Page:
With Windows 8 and Windows RT about to be unleashed among consumers in just two days, the reviews for the lesser known part of Microsoft’s upcoming Windows strategy – Windows RT, which was designed so as to allow Microsoft to wrangle some business from the growing ARM tablet market – has been put thoroughly through its paces. Unfortunately, not all reviewers love what they see – but most are optimistic.
The Verge writes in their review of the Asus Vivo Tab RT:
…the Start screen is fluid and smooth, the gestures are responsive and useful, and thanks to the great live tiles you can glean a lot of information without ever launching an app. If you do launch an app, though, the experience gets frustrating very quickly. Apps can take several seconds to load at all and several more to load fully; there are stutters and lags as you swipe through apps; some taps and gestures just don’t register.
I’d blame developers, but the problems are equally persistent within Microsoft’s own apps. I’d blame the hardware, but the Vivo Tab runs a 1.3GHz Tegra 3 processor, which we’ve proven over and over again is a very capable processor.
They go on to write more about these sorts of issues in their review of the much sought after Microsoft Surface:
Switching between apps was fast and fluid, organizing and navigating the Start screen felt snappy, and live tiles flipped and updated smoothly and as expected. Many of the first-party apps — particularly Internet Explorer in the new interface — felt good to me, but others left me wanting. The native email application, for instance, could be slow to update and unresponsive to touch on a regular basis. Other apps, both first and third-party, could be slow to open, then stall or crash altogether. Some 3D games, such asRocket Riot, seemed fluid and natural, while others staggered along, seemingly struggling to pump out an acceptable frame rate.
Engadget also notes Windows RT’s deficiency at recognizing common video formats:
Video playback support is rather limited at this point. The system will play WMV and MK4 files, but the system has no idea what to do with MKV files by default, and even an old AVI file we tried to play failed miserably. So, if you were hoping this machine would be as adept at playing back video files in any ‘ol format you throw at it, like the x86 version of Windows is, you’re bound for disappointment.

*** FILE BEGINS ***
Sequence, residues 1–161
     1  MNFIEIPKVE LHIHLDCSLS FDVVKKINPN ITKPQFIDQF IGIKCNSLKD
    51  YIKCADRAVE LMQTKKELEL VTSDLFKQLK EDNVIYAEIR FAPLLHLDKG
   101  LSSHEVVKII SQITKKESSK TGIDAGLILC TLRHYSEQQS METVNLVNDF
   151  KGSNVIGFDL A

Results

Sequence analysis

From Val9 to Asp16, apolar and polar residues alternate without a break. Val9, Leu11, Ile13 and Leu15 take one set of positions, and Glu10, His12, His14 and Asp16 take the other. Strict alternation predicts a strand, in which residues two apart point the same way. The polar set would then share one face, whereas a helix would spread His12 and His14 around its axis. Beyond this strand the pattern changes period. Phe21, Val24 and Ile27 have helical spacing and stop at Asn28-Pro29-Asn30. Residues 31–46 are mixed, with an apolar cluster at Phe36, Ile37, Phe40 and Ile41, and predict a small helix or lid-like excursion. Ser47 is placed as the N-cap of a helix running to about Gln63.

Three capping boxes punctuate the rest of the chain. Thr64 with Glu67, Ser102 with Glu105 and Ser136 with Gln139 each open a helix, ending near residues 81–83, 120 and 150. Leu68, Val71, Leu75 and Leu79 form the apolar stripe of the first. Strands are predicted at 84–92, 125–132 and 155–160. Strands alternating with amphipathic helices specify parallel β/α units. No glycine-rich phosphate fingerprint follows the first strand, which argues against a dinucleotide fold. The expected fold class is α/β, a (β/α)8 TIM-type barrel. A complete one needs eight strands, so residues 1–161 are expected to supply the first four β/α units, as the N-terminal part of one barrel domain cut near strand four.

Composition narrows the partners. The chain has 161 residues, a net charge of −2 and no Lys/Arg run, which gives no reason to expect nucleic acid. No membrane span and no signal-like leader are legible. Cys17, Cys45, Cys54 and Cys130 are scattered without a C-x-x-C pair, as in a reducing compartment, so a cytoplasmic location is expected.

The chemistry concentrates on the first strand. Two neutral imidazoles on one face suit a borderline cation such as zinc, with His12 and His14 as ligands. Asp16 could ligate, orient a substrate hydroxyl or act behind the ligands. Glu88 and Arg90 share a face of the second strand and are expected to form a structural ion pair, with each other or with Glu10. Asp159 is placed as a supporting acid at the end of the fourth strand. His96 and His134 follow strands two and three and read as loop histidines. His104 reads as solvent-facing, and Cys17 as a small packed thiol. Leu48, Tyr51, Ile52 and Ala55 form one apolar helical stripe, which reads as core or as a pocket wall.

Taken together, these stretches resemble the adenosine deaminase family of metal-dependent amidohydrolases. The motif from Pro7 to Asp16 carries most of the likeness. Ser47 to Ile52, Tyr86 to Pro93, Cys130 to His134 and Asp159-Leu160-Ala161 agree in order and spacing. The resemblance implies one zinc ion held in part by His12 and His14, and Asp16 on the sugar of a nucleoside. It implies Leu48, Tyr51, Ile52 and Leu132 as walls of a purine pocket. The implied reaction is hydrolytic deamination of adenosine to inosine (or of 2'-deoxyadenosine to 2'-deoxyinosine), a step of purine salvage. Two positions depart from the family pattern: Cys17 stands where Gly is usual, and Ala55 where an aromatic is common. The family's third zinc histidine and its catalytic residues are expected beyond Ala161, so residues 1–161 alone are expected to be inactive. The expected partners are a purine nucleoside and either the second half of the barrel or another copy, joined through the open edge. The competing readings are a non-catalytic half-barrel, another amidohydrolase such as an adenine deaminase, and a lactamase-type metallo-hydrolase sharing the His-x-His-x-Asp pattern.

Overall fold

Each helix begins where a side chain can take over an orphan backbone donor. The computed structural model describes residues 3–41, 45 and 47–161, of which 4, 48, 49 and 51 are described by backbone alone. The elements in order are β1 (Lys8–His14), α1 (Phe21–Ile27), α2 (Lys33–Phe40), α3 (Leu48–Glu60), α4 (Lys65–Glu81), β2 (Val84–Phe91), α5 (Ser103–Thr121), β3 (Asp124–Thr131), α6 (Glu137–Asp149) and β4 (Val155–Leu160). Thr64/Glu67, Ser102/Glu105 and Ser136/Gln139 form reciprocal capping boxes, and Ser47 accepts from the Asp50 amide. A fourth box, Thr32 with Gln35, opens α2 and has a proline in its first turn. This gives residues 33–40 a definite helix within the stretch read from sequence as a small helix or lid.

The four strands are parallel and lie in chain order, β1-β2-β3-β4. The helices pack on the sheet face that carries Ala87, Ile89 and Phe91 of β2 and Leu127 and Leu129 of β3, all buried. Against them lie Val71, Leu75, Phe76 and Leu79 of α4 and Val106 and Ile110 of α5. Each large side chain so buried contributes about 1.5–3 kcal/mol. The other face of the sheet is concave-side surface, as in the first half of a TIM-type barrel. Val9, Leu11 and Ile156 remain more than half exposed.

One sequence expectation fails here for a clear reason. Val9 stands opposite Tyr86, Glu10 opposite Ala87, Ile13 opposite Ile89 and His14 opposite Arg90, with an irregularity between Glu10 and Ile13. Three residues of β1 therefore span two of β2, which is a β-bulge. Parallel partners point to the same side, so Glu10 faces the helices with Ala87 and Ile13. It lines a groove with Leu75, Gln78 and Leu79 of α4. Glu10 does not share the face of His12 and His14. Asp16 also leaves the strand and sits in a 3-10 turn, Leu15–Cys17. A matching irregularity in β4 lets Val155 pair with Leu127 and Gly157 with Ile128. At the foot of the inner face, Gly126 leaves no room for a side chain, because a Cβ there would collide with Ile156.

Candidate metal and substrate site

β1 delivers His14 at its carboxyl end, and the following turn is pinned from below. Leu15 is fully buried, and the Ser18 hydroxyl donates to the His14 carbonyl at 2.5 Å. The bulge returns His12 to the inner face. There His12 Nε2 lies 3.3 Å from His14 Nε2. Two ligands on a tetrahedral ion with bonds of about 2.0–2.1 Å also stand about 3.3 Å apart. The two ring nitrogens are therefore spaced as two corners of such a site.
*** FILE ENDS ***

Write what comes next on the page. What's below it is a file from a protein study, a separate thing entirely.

There were, however, many positives to be had. Almost ever review of a device running Windows RT I read couldn’t shove enough praise on the softwares efficient use of battery life, with most reviews agreeing that Windows RT devices thus far not only deliver on battery life promises, they over deliver. Interestingly however, Windows RT is unable to give any sort of battery estimates of the sort that traditional Windows 8 devices give, as noted by ArsTechnica’s review of the Asus Vivo Tab RT (which was a little harsher on battery life than either The Verge or Engadget):
One particularly annoying quirk (and one that may well apply to all Windows RT tablets) is that Windows refuses to give a battery life estimate that you get on normal Windows 8 systems. This issue appears to be related to ARM’s hardware reporting features and is par for the course in many smartphones and tablets, but if you’re expecting Windows RT to act exactly like Windows 8 in this regard, you’ll be disappointed.